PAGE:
There have been revolutionary developments in products, materials, and systems, and the technology of construction has become exceedingly complex. The building envelope and mechanical system interact with and influence interior environmental conditions as never before. These interactions have serious consequences.

Mold, mildew and other microbial moisture-related problems, their associated odors and health effects can be a source of lost revenues, structural deterioration, management frustration, litigation, image problems, lost clients, and poor indoor air quality.

Joe Lstiburek's dynamic talk will focus on both architectural and mechanical design for hot and humid climates and for good indoor air quality. He will address new technologies including breathable walls, give design techniques to prevent indoor air quality problems, and discuss preventive maintenance.


Integrated PVs--Coming to a Building Near You?

Generating electricity from the sun with photovoltaic (PV) panels is a proven technology with a long track record plus a lot of public support. The primary obstacle to higher use has been the high cost; however, the cost is falling.

Building-integrated PVs help close the cost gap because the PV modules are designed into an architectural feature of the building where money is already planned to be spent. Building-integrated PVs can be used as shingles, skylights, facades, and shading elements.

Atlantis Energy, Inc. (14790 Mosswood Lane, Grass Valley, CA 95945, 916-274-2743, 916-274-2564 fax) has contacted the Green Builder Program to inform us that they have established a plant in the United States to manufacture building-integrated PVs. The U.S. plant is using the technology and experience of five years of successful applications of its Swiss parent company, Atlantis Energy Ltd. The company has several U.S. projects in the works.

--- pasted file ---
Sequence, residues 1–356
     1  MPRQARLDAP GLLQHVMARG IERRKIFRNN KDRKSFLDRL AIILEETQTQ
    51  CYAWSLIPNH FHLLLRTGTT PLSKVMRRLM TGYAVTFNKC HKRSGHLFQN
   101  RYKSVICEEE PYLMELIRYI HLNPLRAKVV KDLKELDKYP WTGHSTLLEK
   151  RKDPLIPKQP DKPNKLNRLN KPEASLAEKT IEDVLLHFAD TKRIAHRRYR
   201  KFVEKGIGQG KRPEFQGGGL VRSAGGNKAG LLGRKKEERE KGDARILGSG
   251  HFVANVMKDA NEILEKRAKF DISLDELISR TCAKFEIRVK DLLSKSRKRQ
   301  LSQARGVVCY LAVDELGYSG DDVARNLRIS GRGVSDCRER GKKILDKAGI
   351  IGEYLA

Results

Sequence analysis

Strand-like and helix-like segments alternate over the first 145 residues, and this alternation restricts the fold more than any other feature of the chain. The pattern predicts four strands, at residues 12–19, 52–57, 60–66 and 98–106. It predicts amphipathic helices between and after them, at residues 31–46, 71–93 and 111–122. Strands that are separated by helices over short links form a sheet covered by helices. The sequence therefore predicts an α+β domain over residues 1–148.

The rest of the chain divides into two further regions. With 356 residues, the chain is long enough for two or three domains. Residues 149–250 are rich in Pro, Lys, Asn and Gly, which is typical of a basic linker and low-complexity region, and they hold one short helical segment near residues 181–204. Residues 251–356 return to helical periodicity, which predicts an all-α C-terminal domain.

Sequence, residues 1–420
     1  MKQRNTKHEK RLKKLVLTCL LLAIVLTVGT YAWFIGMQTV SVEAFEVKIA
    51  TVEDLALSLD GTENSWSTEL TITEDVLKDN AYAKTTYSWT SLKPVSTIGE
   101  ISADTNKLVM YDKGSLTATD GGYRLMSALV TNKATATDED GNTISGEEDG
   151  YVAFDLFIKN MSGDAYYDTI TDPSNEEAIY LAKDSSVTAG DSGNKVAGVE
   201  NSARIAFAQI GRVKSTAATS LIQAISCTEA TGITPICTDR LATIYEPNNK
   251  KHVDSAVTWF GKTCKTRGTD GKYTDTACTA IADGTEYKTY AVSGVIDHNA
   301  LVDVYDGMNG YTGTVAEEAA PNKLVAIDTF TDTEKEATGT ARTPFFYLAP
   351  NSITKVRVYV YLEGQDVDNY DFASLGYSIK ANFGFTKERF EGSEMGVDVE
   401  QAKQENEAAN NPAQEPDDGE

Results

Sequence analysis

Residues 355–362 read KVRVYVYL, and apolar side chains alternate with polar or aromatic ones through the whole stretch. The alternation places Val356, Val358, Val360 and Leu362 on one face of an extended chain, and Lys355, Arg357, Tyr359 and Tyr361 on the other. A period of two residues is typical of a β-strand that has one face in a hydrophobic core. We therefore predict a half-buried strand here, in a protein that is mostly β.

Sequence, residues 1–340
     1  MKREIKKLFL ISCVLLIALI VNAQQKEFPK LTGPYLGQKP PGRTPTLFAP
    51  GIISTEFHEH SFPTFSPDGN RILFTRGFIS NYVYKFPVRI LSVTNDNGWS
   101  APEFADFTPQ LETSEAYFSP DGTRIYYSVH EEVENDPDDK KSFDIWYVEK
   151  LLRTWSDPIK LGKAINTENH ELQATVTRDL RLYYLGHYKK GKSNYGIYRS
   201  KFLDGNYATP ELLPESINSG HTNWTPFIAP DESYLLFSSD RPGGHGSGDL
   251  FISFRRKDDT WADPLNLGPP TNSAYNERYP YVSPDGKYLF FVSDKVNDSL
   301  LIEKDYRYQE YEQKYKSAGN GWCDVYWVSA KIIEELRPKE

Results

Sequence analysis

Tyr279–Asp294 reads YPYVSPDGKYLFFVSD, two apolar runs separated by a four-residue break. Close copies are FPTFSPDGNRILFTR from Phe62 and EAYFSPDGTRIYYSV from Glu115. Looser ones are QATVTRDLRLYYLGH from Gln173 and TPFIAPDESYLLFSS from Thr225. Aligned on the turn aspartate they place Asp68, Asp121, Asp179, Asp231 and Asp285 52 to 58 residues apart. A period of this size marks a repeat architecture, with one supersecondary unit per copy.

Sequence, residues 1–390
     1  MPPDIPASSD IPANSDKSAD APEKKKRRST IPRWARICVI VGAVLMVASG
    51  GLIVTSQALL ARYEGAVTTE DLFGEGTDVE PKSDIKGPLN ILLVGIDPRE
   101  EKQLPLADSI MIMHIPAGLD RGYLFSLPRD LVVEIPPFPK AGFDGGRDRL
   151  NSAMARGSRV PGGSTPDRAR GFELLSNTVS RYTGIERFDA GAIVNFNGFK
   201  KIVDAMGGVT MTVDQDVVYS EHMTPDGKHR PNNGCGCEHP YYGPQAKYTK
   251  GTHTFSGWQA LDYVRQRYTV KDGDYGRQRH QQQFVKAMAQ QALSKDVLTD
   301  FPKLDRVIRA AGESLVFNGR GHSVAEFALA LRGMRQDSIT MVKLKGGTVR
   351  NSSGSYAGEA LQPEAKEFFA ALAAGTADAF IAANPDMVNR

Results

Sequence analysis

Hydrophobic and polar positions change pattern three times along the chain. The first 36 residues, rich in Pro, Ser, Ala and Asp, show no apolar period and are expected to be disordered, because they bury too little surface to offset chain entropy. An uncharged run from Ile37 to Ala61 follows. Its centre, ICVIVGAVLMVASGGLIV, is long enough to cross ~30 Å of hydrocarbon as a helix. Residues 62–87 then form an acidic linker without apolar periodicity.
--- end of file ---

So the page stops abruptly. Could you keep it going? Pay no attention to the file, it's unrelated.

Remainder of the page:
Building-integrated PVs is a major strategy for reducing the costs associated with PVs. For electricity users that pay demand charges, it can make cents sooner rather than later since PVs peak in output at the same time that demand for electricity peaks.


Events and Training Opportunities

Residential Green Builder Training

(Call or email Laurence Doxsey to register for residential training, 499-3504)

Thurs., April 11, 1996
6 p.m. - Green Builder Program Enrollment Seminar
7: 15 p.m.- Technical Seminar, Photovoltaics
John Hoffner, Austin Electric Utility
Waller Creek Plaza Assembly Room
625 E. 10th St.

Fri., June 21, 1996
Passive Solar Design Workshop
Leonard Bachman, AIA
Hornsby Bend Waste Treatment Plant Auditorium
2210 S. Farm Rd 973
9 a.m.-4 p.m.

Mechanical Systems and Code Training

(Call Doug Garrett to register, 499-3505)

Tues., April 16, 1996
New Contractor Orientation
206 East 9th, St., Ste 17.102
9 a.m.-Noon

Wed., April 17, 1996
Residential and Multi-Family Duct Construction and Inspection
Street and Bridge Auditorium
4411-A Meinardus Dr. (off E. St. Elmo, behind Wyndham South Park and Celebration Station) 5:30 p.m.-8:30 p.m.

Thurs., April 18, 1996
MADAIR Training
206 E. 9th St., Ste. 17.102
9 a.m.-2 p.m.

Tues., April 30-Wed., May 1, 1996
Ground Source Heat Pump Training and Certification (TACCA)
Four Points Sheraton, 7800 N. IH 35
8 a.m.-5 p.m.
(Call Nancy Jones to register, 288-8505)


Green Building Conference Coming in the Fall

The Austin Convention Center will be the site for the 1996 Green Building Conference, November 8 and 9. This year's conference is being coordinated by Nick Denner of Open Springs, Inc., and will feature a large exhibition of green building products and services. There will be two tracks of lectures - one track featuring exhibitors describing their offerings and the other featuring ideas, experiences, and inspiration in residential and commercial green building and sustainable development. A tour of local green building examples will occur on November 10.

The conference will be promoted primarily to the South Central United States, Mexico, and Central America. Internationally known speakers and regional case studies will be presented.

Look for more information about the upcoming conference in future newsletters. Call Nick at (512) 264-0004, fax 264-3444 if you would like more information.


Passive Solar Design Seminar

Leonard R. Bachman, AIA, is an expert on passive solar design. He has taught, researched, and presented nationally on approaches to passive solar design.

Bachman is professor at the University of Houston with the Environmental Control Systems Program. He is a certified instructor for the Passive Solar Industries Council's Passive Solar Guidelines and Design Calculation Methodology. A longtime activist and practitioner in passive solar design, Bachman will help you make your passive solar design affordable and effective.


ASTM Committee on Environmental Assessment to Meet in Austin